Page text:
Hong Kong Secretary for Health, Welfare & Food York Chow assured people that Hong Kong has sufficient monitoring measures and rich experience to handle avian flu cases, adding inspections and tests have been strengthened.
Speaking on a radio talk show on Saturday, Chow said the Oriental magpie robin found dead in Kam Shan Tsuen, Tai Po, is H5N1-positive, but the source of infection is still under investigation, according to a government press release.
As it may have been infected by migratory birds, Chow said more dead birds may be found with the deadly virus.
The Agriculture, Fisheries & Conservation Department has stepped up checks, and concerned departments' staff have been reminded to take precautions when handling bird carcasses.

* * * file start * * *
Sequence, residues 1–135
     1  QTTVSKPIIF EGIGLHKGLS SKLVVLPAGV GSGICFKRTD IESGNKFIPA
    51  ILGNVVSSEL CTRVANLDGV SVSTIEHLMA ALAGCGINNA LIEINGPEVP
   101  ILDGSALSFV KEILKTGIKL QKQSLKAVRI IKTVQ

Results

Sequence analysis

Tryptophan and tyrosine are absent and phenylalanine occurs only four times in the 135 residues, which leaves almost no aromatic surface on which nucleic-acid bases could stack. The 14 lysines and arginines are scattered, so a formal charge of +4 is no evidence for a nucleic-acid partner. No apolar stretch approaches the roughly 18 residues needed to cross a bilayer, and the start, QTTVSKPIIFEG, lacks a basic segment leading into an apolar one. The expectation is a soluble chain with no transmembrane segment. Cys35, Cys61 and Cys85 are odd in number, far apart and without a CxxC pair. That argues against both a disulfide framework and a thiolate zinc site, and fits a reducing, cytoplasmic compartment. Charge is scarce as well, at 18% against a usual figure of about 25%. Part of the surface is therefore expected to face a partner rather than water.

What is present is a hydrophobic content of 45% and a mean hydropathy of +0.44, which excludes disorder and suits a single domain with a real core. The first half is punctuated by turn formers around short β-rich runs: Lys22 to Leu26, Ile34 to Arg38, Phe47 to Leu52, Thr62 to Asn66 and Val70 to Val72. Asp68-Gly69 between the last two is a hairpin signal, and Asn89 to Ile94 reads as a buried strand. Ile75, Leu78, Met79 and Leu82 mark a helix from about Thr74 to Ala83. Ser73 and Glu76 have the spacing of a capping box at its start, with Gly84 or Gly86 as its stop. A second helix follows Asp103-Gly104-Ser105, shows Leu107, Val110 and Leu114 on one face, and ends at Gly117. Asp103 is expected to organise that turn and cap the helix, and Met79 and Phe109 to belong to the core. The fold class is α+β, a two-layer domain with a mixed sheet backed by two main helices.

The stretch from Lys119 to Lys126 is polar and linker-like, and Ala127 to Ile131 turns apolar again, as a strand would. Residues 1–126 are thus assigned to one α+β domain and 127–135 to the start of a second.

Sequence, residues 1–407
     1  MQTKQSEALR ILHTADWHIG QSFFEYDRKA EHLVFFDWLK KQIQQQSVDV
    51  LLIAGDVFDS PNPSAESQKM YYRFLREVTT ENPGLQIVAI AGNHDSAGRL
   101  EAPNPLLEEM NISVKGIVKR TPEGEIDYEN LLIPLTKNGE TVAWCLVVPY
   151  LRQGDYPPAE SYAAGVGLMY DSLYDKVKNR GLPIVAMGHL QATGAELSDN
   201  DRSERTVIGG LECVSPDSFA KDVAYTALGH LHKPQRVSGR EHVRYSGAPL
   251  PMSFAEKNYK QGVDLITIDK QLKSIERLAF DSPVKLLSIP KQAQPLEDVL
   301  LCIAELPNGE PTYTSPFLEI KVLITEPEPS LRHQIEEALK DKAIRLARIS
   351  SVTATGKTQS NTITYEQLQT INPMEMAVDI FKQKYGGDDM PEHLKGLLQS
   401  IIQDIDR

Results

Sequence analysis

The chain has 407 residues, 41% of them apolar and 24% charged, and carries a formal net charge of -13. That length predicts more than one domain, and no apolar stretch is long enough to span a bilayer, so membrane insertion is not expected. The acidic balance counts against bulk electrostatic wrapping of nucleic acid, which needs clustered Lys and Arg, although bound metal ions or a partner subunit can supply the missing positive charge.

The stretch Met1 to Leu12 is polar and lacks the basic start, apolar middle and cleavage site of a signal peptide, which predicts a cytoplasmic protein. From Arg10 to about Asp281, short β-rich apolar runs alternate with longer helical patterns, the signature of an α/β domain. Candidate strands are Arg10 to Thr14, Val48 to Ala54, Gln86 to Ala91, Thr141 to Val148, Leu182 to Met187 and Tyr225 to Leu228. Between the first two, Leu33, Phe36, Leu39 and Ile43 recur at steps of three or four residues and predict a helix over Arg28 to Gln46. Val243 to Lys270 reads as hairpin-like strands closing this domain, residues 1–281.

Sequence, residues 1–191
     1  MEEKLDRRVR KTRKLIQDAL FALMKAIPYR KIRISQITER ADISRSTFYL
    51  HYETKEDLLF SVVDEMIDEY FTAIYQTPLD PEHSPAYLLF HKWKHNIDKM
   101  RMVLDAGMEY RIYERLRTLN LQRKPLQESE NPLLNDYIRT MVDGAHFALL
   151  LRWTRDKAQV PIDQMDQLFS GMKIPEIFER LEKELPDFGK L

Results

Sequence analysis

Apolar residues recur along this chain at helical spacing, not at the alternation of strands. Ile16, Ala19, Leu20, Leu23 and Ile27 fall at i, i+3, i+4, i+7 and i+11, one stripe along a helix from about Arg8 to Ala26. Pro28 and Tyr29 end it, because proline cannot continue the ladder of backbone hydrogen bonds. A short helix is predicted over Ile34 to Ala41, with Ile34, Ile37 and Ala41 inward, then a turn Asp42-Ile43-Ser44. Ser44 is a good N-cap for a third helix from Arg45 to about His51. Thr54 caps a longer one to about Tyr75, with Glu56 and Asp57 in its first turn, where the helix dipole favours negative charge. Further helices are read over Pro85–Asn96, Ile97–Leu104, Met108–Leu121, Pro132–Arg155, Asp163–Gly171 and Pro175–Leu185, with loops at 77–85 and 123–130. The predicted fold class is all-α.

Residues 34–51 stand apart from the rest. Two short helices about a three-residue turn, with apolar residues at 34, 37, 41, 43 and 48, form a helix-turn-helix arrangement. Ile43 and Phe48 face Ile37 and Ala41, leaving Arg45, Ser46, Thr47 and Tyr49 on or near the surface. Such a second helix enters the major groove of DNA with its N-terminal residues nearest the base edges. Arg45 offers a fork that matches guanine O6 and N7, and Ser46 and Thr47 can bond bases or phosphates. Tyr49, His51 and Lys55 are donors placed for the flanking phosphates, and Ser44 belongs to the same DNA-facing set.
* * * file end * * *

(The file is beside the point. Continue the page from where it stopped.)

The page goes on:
On the import of live chickens, Chow said the daily quantity of live Chinese mainland chicken imports will rise for five days to meet Lunar New Year demand, after considering the risk of avian flu outbreaks. Imports will rise from 30,000 chickens to 50,000 on Jan. 24 and 25 and to 70,000 on Jan. 26, 27 and 28.
He stressed quarantine has been strengthened and more rest days have been set to protect public health. While the government plans to implement central slaughtering in the long run, there is no plan to change the existing policy at the moment.
Noting the key to prevent avian flu outbreak is separating live poultry from people, Chow said the existing law will be revised this year to ban people from keeping 20 birds or less in their yards for consumption or as pets.